Most films have left out the desperate search by the passengers’ families, which included relentless private flights over the mountains after the official search was halted. They were mostly conducted by renowned artist Carlos Páez Vilaró, whose son Carlitos was on the plane. From Chile, Vilaró managed to charter planes and helicopters several times, and became known as “that crazy man still looking for his dead son.” Fuel was scarce in Chile at the time due to strikes and boycotts against President Salvador Allende’s socialist government — Vilaró even ended up in jail after flying over a restricted area under suspicions of espionage.

Other parents turned to supernatural aid, seeking the help of psychics. Most notably, a Dutch man named Gérard Croiset Jr. mailed the parents a drawing and a tape describing his visions of the plane and the location where it had crashed (near a beach or a lake) — later revealed as totally inaccurate. The closest thing to a beach was the abandoned hot springs resort Termas del Sosneado, 20 kilometers away from the crash site on the Argentine side. The place could have worked as a precarious refuge if only Parrado and Canessa had gone the other way. 

Parrado and Canessa finally reached Chile on December 20, with almost no strength and no more food after a 10-day crossing of the Andes on foot. On the other side of the Barroso river, they caught sight of a local shepherd, Sergio Catalán. Catalán made a day-long horse ride to reach the authorities, who didn’t believe his tale of the two Uruguayan survivors until he showed them a letter Parrado wrote to him and threw it across the river. Catalán became the 16 survivors’ hero. They stayed in touch, visited him, and helped him pay for the surgeries and medical treatments he underwent until he died in 2020 at the age of 91. Gustavo Zerbino, one of the 16, attended his funeral on behalf of the survivors.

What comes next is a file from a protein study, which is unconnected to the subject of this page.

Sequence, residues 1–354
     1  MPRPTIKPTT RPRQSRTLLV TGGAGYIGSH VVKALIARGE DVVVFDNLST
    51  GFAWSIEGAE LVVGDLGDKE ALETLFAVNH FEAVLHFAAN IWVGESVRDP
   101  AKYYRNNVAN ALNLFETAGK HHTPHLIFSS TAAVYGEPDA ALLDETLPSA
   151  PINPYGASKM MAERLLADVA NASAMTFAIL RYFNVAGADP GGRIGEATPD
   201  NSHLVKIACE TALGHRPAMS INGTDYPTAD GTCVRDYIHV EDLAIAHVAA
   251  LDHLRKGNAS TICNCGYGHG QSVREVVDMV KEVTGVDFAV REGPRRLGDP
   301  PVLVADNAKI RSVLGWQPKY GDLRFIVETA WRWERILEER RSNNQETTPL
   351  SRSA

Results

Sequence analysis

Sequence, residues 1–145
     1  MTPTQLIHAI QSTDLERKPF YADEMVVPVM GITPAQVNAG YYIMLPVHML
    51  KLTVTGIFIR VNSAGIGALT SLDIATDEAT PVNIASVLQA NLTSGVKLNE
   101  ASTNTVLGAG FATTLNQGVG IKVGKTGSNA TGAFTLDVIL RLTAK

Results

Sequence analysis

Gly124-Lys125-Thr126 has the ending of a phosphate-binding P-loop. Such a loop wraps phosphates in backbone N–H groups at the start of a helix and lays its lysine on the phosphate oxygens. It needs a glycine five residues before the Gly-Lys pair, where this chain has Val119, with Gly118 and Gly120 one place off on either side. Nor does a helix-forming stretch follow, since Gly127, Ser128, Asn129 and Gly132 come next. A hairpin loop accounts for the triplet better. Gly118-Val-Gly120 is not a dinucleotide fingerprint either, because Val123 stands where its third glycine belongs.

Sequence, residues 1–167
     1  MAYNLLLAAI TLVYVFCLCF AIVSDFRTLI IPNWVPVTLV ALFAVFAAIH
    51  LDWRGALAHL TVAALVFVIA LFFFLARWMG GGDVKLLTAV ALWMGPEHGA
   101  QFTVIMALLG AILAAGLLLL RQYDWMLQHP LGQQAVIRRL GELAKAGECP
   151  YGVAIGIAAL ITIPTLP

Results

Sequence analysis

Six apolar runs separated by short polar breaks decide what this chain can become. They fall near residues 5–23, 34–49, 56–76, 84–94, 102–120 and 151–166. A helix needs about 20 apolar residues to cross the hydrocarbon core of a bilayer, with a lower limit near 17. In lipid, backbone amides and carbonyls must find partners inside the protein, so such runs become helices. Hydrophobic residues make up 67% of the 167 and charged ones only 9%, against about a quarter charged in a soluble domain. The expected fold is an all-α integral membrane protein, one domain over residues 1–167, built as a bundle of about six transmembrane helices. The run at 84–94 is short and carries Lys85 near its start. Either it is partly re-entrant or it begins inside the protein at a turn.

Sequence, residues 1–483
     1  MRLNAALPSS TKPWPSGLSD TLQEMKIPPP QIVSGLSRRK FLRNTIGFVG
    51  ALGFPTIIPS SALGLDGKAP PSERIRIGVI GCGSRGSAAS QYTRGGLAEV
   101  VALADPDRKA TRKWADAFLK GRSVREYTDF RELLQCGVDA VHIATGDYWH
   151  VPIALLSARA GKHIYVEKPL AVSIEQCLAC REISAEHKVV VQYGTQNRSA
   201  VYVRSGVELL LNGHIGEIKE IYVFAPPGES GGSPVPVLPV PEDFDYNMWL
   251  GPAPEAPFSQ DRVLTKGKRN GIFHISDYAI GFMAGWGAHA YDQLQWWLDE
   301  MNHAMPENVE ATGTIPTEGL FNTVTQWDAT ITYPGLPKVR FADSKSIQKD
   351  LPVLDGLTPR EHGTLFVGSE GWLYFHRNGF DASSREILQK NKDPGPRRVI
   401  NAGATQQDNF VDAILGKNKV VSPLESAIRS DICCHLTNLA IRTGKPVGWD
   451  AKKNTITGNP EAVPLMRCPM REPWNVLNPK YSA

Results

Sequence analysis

It would take the Chilean military three more days to rescue the entire group. Both Marshall and Bayona’s films deliberately summarize the helicopter rescue in one single event, but it was an adventure in and of itself. 

The first helicopter landed on the crash site on December 21, taking six survivors back to their base camp. The helicopter ride to safety was all but safe. Survivors described a terrifying flight, with mountain winds and turbulence threatening a second crash.

Four members of the rescue team stayed behind — the first to witness the horrific scene of half-eaten human remains scattered around the plane. While two of them spent that night inside the fuselage alongside the survivors, the other two set up a separate tent, shocked at the site and what it meant. 

It wasn’t until December 23 that the second helicopter rescue arrived and retrieved the remaining survivors, who had made it through 72 days. Several years later, authorities managed to bury the remains of the victims and set up a grave with a huge iron cross. 

Over the years, the survivors have returned to the crash site, both together and with their children. The place, a valley near the Tinguiririca volcano and Sosneado mountain, becomes a glacier in the winter. Its name appears to have been written specifically for this harrowing true story: the Valley of the Tears.